Azby Brown and Iain Darby
On April 13, the Japanese government announced that it had approved a plan by Tokyo Electric Power Co. Holdings Inc. (Tepco) to discharge treated water currently being stored in tanks at the Fukushima No. 1 nuclear power plant into the Pacific Ocean.
It is important to highlight specific concerns with regards to this decision and offer recommendations to help ensure that the interests of all stakeholders are protected. Our unease centers primarily on how this unilateral decision may set a dangerous international precedent.
Tepco, the power utility managing the damaged plant, has shown a lack of transparency and good faith around the water issue. We believe that fully transparent independent monitoring and oversight of the environment must be done prior to, during and after any such release to ensure that the process is acceptable to the global community.
The 2011 accident at the Fukushima No. 1 nuclear power plant caused tremendous environmental, economic and societal hardship. Many of these problems have been addressed creatively and industriously, but, 10 years later, many huge challenges still remain and will continue to remain for decades to come.
The cleanup of the accumulated contaminated water being stored on site is both a technical and socioeconomic challenge. At present, approximately 1.2 million tons of this water is stored in more than 1,000 large tanks at the plant, and the amount increases daily.
Tepco proposes that once treated to remove all radionuclides besides tritium (a radioactive form of hydrogen, which is considered one of the least dangerous to health), it can be diluted with seawater to very small concentrations and gradually released into the Pacific Ocean. The dilution and discharge option, recommended by both the International Atomic Energy Agency and the Japan Nuclear Regulation Authority as far back as 2014, was one of several evaluated by official committees in Japan, and was selected on the basis of technical feasibility, time, cost and safety.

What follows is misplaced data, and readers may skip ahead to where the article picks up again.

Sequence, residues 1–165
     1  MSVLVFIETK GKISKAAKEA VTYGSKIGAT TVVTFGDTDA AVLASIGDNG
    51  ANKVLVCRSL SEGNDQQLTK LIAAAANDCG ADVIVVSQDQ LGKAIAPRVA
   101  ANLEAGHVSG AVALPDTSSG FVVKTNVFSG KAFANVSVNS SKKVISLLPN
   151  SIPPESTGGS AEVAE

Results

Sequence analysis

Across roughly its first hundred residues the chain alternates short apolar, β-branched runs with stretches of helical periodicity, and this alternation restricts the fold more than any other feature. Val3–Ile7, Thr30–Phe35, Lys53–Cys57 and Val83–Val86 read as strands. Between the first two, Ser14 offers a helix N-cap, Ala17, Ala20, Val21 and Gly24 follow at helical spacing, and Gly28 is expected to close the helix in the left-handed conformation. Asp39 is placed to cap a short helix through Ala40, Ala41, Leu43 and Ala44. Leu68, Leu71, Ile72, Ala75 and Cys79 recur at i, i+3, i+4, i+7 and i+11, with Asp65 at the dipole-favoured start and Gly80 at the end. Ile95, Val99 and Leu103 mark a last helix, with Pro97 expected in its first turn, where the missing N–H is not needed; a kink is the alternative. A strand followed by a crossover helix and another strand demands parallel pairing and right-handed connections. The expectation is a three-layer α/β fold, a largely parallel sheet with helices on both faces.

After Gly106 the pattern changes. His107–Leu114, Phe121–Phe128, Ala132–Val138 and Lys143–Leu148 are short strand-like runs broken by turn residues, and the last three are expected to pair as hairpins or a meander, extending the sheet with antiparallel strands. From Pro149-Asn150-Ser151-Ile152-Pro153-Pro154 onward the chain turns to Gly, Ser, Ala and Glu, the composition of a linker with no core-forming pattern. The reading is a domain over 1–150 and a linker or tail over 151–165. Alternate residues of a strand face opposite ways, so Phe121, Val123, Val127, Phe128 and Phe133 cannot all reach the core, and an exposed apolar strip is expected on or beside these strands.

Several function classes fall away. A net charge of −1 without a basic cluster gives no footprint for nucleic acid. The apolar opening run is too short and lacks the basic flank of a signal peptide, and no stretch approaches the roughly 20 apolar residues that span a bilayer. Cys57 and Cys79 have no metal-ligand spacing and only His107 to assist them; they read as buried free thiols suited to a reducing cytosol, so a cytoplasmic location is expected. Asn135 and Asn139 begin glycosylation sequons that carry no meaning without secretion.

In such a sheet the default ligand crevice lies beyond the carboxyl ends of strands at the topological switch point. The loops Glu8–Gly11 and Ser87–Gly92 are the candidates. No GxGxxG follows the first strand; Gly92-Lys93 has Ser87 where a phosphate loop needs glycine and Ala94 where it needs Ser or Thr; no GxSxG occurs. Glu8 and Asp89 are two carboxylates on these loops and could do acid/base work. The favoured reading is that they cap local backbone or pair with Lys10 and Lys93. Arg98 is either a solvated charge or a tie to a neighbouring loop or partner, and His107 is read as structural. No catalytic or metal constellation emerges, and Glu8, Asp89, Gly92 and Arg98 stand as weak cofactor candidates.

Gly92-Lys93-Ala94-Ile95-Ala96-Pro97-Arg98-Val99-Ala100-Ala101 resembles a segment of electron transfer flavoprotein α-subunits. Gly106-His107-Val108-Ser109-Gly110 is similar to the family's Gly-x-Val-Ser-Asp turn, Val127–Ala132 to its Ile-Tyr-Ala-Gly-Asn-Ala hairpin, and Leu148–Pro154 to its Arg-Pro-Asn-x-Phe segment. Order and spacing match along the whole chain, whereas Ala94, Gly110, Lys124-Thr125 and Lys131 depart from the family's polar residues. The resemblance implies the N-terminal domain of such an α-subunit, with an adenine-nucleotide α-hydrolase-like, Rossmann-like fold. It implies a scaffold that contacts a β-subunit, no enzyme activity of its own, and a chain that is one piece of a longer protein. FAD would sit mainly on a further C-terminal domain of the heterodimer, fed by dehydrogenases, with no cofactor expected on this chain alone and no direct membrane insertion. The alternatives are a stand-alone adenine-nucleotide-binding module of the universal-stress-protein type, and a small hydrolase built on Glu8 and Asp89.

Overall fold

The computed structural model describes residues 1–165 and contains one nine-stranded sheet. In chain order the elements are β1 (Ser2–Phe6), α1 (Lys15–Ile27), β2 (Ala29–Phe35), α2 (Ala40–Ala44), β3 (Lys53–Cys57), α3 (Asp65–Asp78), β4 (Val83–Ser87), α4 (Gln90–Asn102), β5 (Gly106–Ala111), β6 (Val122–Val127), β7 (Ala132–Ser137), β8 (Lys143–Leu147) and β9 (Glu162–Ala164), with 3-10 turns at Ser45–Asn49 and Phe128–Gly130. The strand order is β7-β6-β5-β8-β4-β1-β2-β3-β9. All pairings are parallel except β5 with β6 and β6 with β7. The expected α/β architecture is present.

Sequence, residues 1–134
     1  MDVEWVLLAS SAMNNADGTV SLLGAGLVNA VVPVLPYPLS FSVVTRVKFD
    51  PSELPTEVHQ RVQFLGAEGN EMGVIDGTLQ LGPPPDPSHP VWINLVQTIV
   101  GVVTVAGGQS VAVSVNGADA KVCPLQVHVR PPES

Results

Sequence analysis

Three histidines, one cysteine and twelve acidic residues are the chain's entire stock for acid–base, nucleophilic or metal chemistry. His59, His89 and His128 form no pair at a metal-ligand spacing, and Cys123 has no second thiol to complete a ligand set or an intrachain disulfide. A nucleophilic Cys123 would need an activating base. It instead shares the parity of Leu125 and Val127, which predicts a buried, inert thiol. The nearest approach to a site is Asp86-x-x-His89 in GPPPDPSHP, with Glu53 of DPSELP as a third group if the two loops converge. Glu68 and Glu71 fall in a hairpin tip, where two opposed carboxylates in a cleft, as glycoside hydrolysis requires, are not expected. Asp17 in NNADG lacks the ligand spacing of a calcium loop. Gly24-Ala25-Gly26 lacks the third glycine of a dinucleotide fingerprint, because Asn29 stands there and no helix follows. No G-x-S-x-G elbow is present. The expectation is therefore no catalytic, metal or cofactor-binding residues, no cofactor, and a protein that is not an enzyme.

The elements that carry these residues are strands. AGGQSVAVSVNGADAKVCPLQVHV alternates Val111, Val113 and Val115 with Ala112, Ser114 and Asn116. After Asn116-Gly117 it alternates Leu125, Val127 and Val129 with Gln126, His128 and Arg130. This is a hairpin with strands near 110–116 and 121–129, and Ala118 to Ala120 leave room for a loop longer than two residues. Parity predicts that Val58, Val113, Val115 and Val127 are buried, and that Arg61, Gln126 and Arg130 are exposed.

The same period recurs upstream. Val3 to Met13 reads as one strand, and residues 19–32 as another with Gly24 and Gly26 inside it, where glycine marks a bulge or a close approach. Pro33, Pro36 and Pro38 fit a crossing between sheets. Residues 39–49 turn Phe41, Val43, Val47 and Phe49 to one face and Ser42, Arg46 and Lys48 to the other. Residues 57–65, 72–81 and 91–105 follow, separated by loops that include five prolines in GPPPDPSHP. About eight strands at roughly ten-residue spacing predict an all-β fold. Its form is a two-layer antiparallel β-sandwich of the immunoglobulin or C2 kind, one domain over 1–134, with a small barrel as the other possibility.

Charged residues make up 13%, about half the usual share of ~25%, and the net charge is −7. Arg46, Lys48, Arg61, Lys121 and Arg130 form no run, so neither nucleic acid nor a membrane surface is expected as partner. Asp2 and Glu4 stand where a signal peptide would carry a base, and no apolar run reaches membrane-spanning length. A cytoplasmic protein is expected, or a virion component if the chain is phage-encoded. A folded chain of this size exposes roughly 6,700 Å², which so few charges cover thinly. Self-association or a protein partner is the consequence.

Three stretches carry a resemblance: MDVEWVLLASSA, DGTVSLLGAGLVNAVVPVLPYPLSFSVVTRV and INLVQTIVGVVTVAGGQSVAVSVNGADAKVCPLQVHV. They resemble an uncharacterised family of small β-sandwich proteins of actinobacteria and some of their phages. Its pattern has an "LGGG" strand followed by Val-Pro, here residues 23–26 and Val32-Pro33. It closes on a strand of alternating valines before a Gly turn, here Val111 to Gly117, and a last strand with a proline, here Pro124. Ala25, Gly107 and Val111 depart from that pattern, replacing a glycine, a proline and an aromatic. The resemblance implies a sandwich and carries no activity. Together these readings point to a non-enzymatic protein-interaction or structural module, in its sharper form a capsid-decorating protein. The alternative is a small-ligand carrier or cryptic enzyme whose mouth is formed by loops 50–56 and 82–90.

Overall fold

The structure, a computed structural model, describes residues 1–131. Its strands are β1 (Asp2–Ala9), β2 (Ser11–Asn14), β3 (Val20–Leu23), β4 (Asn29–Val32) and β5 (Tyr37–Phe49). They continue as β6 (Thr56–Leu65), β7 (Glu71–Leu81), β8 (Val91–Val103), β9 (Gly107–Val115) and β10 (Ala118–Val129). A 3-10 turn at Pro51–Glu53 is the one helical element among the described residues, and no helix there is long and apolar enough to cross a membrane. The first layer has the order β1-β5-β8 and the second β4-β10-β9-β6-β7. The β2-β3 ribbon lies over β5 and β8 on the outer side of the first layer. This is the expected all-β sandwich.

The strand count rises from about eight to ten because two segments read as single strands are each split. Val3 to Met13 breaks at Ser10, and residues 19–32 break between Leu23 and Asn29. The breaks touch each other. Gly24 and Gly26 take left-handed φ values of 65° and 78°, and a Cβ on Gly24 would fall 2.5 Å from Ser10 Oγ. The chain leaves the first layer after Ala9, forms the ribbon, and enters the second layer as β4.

The release would begin in two years’ time and will require approximately 30 years to complete. It is possible that this approach is the least objectionable of several problematic options, but it has been justified on a number of bases that could be considered questionable.
The IAEA and the United States have expressed support for the release plan. In particular, IAEA guidelines stipulate that special provisions are needed when a release can conceivably have radiological impacts outside the territory or jurisdiction of the country in which it originates. No one has credibly argued that the proposed discharge from the Fukushima No. 1 power plant will not impact, be detectable in or cause concern to other countries.
On the contrary, countries around the Pacific rim in particular are justified in demanding to be consulted even if the impacts are estimated to be small. Others have cogently argued that the proposed release may be a violation of obligations under marine environment treaties such as the 1974 London Convention of the International Maritime Organization.
The merits of those arguments may well be tested in the courts. It is beyond doubt that such unilateral action is unethical. In such a controversial and highly visible case, Tepco and the Japanese government should be actively seeking fuller participation and input from stakeholders, including those in other nations, and demonstrate clearly that their concerns are being conscientiously addressed.
Allowing the release to proceed unilaterally without genuine international consultation and engagement would set a dangerous precedent and further damage the international rules-based agreement system. If Japan insists upon making such large long-term discharges based only on its own assurances, it would lose standing to oppose similar releases by others.
The international community should be alarmed as well. Quite a few nuclear power nations could be tempted to defy opposition from their neighbors and release radioactive material to the ocean freely, using the Fukushima example as a precedent. Unlike nuclear arms nonproliferation, the international system for monitoring radiation releases under the umbrella of the IAEA essentially works on the honor system and it is easily abused. Nations cannot be compelled to do the right thing. Even diplomatic pressure and the pressure of public opinion sometimes prove insufficient, but they remain the best tools. The provision of transparent international verification in relation to such a discharge is an important part of that.